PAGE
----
All REMS must include product and contact information (Administrative Information) and a statement of goals (REMS Goals). A timetable for submission of assessments of the REMS by the applicant (REMS Assessment Timetable) is generally also required. Additional elements may be required based on the FDA’s determination of what is needed (REMS Requirements). These additional elements may include:
- Medication guide or patient package insert
- Patient-friendly information to promote safe and effective use
- Communication plan for healthcare providers
- “Dear Healthcare Professional” letters, additional information about the REMS, and other educational materials directed toward the healthcare provider
- Elements to assure safe use (ETASU)
- Provider/Pharmacy certifications, dispensing/administration information, patient monitoring, patient enrollment into registries
- REMS implementation system
- How ETASU will be enacted, along with requirements for monitoring and evaluating ETASU implementation by healthcare providers, pharmacists, and others
REMS Appended Materials
- Enrollment forms
- Training and educational materials
- Patient care forms
- Communications materials
- Other materials mentioned in the REMS Requirements section
As part of the decision process about which elements should be included in the REMS, the FDA considers not only the key factors listed above but also other factors including (but not limited to):
- The potential increased burden that the REMS could place on patients and/or healthcare providers, given things like patient access limitations, the characteristics, experience, and size of the prescriber pool, and how the drug will be distributed and dispensed
- Regulatory precedent; for example, whether there are existing REMS elements for drugs with similar risks and how the FDA has previously managed these risks
- Potential opportunities to standardize risk management approaches and to ensure compatibility with established systems
- The demonstrated effectiveness of the elements and tools being considered
- Whether certain elements and tools were already used to evaluate the drug during clinical trials
Over the longer term, even after the REMS has been approved, the FDA continues to monitor the impact of the REMS on patient access and the healthcare delivery system. When warranted, the FDA may require modifications to the REMS based upon information gathered as part of these assessments. Sponsors may also provide the FDA with their own assessments and recommendations for REMS modifications, but any changes must be approved by the FDA.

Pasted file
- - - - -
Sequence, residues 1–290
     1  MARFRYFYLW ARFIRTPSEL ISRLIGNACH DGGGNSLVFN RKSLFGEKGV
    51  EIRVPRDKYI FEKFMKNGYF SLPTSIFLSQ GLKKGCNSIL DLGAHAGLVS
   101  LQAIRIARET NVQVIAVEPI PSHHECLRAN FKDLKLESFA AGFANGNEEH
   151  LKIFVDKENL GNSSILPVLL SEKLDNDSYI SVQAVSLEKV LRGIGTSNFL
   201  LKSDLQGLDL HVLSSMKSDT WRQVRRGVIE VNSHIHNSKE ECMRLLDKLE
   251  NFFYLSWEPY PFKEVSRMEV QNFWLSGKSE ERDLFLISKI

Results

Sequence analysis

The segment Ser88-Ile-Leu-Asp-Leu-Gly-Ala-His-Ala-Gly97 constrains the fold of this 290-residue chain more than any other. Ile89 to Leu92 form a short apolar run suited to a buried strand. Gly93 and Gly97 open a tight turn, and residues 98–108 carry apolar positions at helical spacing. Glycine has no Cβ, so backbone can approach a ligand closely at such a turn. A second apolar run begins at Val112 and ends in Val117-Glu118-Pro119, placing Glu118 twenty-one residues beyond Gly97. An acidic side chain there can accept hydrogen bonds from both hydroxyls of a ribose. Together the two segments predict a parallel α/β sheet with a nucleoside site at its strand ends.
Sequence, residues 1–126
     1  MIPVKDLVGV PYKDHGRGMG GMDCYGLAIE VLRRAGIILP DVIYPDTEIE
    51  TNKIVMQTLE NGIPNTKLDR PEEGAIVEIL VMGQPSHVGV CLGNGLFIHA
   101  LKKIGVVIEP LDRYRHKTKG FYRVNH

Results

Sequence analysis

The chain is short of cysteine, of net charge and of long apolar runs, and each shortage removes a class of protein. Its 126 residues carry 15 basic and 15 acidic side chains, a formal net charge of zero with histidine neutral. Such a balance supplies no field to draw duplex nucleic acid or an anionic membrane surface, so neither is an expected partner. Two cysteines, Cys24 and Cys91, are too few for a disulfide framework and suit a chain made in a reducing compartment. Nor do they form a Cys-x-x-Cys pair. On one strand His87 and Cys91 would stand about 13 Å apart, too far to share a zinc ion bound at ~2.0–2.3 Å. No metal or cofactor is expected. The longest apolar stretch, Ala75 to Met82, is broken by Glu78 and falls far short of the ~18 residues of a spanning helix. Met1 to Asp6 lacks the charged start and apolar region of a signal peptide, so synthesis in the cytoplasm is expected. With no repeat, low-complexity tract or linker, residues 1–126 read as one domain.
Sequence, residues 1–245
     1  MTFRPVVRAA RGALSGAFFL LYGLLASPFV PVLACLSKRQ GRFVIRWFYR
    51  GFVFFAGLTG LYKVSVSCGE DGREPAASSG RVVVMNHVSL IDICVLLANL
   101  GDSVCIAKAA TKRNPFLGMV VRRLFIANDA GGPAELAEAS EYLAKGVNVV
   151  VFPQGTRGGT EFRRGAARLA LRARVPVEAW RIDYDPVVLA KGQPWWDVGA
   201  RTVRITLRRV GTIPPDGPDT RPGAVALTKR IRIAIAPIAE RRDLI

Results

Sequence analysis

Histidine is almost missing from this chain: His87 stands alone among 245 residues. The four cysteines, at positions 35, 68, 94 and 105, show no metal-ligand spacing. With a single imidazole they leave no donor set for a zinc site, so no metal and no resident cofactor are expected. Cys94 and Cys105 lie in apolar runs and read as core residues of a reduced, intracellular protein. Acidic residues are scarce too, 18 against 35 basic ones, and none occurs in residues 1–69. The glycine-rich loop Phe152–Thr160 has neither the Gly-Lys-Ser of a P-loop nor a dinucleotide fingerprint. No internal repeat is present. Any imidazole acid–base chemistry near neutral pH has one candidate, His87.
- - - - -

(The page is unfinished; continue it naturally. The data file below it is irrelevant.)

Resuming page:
For certain drugs that might otherwise not be approvable based upon their benefit-risk profile, the REMS may offer a practical solution for tipping the balance in favor of approvability by instituting additional safeguards to mitigate risk. The FDA bases their decision about the REMS and its constituent elements on an integrated benefit-risk framework and several key considerations related to the therapeutic area and the drug itself, as well as any potential negative impacts on patients and healthcare providers that the REMS may cause.
If you have questions about how REMS might apply to your own therapeutic product, our senior consultants and former FDA reviewers can assess your development program and provide actionable advice to position your program and submission for success.
FDA REMS Guidance Resources
- Risk Evaluation and Mitigation Strategies: Modifications and Revisions Guidance for Industry JULY 2019
- FDA’s Application of Statutory Factors in Determining When a REMS Is Necessary APRIL 2019
- REMS Assessment: Planning and Reporting JANUARY 2019
- Survey Methodologies to Assess REMS Goals That Relate to Knowledge JANUARY 2019
- Development of a Shared System REMS Guidance for Industry MAY 2018
- Waivers of the Single, Shared System REMS Requirement; Draft Guidance for Industry MAY 2018
- Use of a Drug Master File for Shared System REMS Submissions Guidance for Industry NOVEMBER 2017
- Format and Content of a REMS Document Guidance for Industry OCTOBER 2017
- Providing Regulatory Submissions in Electronic Format –Content of the Risk Evaluation and Mitigation Strategies Document Using Structured Product Labeling SEPTEMBER 2017
- Risk Evaluation and Mitigation Strategies: Modifications and Revisions Guidance for Industry APRIL 2015
- How to Obtain a Letter from FDA Stating that Bioequivalence Study Protocols Contain Safety Protections Comparable to Applicable REMS for RLD DECEMBER 2014
- Medication Guides — Distribution Requirements and Inclusion in Risk Evaluation and Mitigation Strategies (REMS) NOVEMBER 2011
- Chapter 53 – 7353.001c Risk Evaluation and Mitigation Strategies